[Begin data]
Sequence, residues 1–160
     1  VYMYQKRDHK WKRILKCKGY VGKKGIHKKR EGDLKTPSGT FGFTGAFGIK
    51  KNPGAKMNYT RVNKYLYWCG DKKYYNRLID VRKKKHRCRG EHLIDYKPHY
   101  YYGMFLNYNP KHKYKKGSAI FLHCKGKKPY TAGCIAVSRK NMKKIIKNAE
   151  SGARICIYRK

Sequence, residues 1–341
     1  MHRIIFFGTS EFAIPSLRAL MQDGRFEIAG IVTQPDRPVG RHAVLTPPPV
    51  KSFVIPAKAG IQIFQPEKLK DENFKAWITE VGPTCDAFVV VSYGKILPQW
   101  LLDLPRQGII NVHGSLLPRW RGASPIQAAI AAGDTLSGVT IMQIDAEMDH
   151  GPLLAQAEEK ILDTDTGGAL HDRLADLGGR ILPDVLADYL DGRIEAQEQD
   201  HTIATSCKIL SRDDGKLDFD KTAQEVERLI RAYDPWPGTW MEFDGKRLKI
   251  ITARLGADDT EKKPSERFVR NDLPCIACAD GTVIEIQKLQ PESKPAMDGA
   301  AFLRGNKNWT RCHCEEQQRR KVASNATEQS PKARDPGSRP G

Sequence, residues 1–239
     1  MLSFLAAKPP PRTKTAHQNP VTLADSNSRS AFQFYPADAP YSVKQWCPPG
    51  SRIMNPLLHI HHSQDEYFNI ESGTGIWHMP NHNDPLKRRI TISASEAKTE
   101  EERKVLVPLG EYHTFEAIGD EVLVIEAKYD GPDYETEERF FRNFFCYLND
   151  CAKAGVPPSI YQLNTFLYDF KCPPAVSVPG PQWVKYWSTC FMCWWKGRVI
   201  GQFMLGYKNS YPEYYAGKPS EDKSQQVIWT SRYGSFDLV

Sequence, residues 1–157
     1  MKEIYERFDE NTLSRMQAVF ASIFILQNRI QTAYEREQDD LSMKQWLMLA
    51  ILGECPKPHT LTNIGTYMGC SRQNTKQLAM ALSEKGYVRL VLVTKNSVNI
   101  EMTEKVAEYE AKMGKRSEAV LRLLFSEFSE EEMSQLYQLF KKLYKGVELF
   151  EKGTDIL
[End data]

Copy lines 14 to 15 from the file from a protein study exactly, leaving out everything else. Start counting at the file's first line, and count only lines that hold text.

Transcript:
Sequence, residues 1–239
     1  MLSFLAAKPP PRTKTAHQNP VTLADSNSRS AFQFYPADAP YSVKQWCPPG